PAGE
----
It’s no mystery why the TV show Grand Designs is so popular, and a viewing experience I regularly enjoy as it’s a family favourite.
The outlandish projects, the ambition and Kevin McCloud’s taste in coats are all fun; but my belief is that, above all, people like seeing how these things happen.
Whether starting from scratch or from basic foundations, it’s fascinating to see how they realise the vision that had been set out.
One thing that always stands out is how the sight of the bigger picture is never lost (at least in the more successful projects).
In other words, it’s not about ceilings, windows, floor and doors. It’s about the way they all fit together to produce something that functions. The impressive design features might be the main reason for embarking on the project, but they are ultimately a by-product of the bigger picture.
The same can be said for the reasons why many firms adopt different technologies.
Most firms will cite the efficiency gains they can make from technology as the main reason for using it – and this obviously helps to build a viable business case – but there may be far greater gains to be made.
Efficiency has been perhaps the biggest driving force behind technology innovation and adoption over the past decade or so, in a range of industries.
By using technology to streamline and automate processes, firms can free up time to spend on the business of actually advising clients.
But efficiency is too often seen as an end in itself, when in reality it should be a natural outcome of a broader approach.
If your aim is to achieve marginal efficiency gains, that’s what you’ll get. If, on the other hand, your aim is to achieve better client outcomes by meeting their needs in the most efficient way that technology will allow, you’re likely to realise significant proposition gains. Efficiency will be improved as a natural byproduct of this.
The opportunities available to firms using technology as an operational enhancement have widened dramatically in recent years, as digital innovation has accelerated.
More firms now view digital solutions as having the potential to deliver a better service while making their business more efficient and meeting regulatory demands that are increasingly stringent when it comes to client data.
We know that our own expectations as consumers are evolving. Why should those of our clients be any different? If they can use their phone to control their central heating and lights and check what’s in their fridge from wherever they are in the world, they will likely welcome a much greater oversight of their financial affairs.
Open Banking will from January 2018 accelerate this process in financial services. It will allow consumers to share their data securely with banks and third parties, widen access to existing products, encourage more switching, promote engagement and help them manage their finances more effectively.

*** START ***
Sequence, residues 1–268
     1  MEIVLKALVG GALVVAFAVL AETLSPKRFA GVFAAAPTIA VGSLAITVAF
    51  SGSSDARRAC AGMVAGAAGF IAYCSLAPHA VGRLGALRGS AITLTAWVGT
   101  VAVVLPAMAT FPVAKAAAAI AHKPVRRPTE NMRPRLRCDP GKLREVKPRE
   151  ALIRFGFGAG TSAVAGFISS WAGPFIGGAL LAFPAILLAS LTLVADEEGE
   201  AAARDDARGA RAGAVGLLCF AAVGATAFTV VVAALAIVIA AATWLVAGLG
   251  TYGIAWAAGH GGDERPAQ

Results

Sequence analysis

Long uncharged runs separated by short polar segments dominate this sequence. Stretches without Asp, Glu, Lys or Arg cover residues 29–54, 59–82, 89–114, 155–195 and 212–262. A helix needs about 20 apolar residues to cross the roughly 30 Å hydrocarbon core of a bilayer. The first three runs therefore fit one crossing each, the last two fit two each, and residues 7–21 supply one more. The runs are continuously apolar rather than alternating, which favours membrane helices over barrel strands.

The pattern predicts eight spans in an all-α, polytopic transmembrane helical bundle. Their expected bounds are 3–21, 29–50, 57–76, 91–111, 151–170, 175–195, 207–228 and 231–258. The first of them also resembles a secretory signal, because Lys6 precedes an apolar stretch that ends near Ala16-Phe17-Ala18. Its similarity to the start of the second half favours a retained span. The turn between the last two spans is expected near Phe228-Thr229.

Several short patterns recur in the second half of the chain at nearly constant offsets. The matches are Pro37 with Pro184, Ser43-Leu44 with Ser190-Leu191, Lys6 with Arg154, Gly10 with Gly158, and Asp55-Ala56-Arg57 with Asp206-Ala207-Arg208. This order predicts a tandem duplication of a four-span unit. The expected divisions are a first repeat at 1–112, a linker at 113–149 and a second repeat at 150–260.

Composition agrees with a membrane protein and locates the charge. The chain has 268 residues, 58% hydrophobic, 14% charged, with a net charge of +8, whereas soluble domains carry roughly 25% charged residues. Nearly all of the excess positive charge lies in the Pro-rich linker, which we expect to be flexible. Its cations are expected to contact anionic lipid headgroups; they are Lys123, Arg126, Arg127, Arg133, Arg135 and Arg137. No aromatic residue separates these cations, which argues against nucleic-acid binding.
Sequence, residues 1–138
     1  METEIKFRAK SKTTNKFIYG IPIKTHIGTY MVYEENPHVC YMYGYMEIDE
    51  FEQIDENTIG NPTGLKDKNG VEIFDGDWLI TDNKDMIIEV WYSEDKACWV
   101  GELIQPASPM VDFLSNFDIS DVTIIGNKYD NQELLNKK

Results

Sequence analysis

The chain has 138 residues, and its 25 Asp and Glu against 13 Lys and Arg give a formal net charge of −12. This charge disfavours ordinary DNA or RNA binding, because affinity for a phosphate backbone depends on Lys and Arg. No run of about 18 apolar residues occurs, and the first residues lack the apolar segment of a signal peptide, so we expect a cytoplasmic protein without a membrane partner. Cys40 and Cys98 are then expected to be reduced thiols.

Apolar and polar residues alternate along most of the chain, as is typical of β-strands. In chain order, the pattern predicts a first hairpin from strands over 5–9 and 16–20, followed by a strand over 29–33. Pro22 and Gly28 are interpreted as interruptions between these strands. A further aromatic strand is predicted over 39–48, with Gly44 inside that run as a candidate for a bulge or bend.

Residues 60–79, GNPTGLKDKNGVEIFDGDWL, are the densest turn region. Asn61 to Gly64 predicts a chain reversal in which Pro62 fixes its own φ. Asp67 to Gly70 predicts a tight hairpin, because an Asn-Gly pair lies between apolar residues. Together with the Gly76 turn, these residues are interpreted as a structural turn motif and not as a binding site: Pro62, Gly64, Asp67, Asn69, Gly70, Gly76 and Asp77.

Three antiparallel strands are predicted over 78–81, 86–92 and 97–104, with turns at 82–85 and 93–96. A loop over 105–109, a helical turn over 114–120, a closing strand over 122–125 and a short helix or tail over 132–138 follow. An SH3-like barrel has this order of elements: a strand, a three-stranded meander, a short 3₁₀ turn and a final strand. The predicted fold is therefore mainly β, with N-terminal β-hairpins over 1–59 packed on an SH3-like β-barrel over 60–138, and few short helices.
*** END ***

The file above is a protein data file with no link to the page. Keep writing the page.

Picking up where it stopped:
As consumers, we increasingly experience relationships with organisations and companies that are able to tailor their products, services and communications to our circumstances and preferences.
This is the world that advisory firms now operate in. Investing time and money in digital resources can be both a daunting and a rewarding endeavour, and greater efficiency can be a modest objective in that context.
Efficiency can be just one of many gains from looking at the bigger picture to achieve genuinely transformational change.
As with Grand Designs, this entails thinking strategically. If the answer to your question is 'greater efficiency', you might be asking the wrong question.
The question you might want to be asking is: 'How do we use technology to be the enabler that allows us to successfully execute our business model and deliver superior outcomes for clients?'
It might be a bit more long-winded, but answer it and the process will itself deliver efficiencies.
Several other questions will need answering along the way. Who are our clients and what do they want? Do we want to reach more clients or simply refine and expand our services to our existing clients?
Once you’ve identified your existing (and any target) clients and have some insight into their needs, you can set out more clearly how your proposition should look and develop and then build a roadmap that will get you there.
When you look at how to improve engagement with clients and demonstrate value, you’re entering the realm of personalisation, collaboration, openness, agility and connectivity.
Ultimately, it’s about having an ecosystem where the wealth manager or adviser can view and administer the entire client financial position, and where the client can also access and see everything you want them to.
As it stands, relatively few firms deliver that. Yet over the coming year, we can expect more firms to embark on that shift in focus from delivering efficiencies to driving better outcomes and value for clients.
The advisers who succeed in this new and increasingly complex environment will be those who understand the impact of major trends such as data, digital and mobile advice, and that digital isn’t just about improving processes.
Above all, it will be the advisers who are able to focus on aligning technology closely to their business models.
Richard Ross (pictured) is digital product manager at Iress.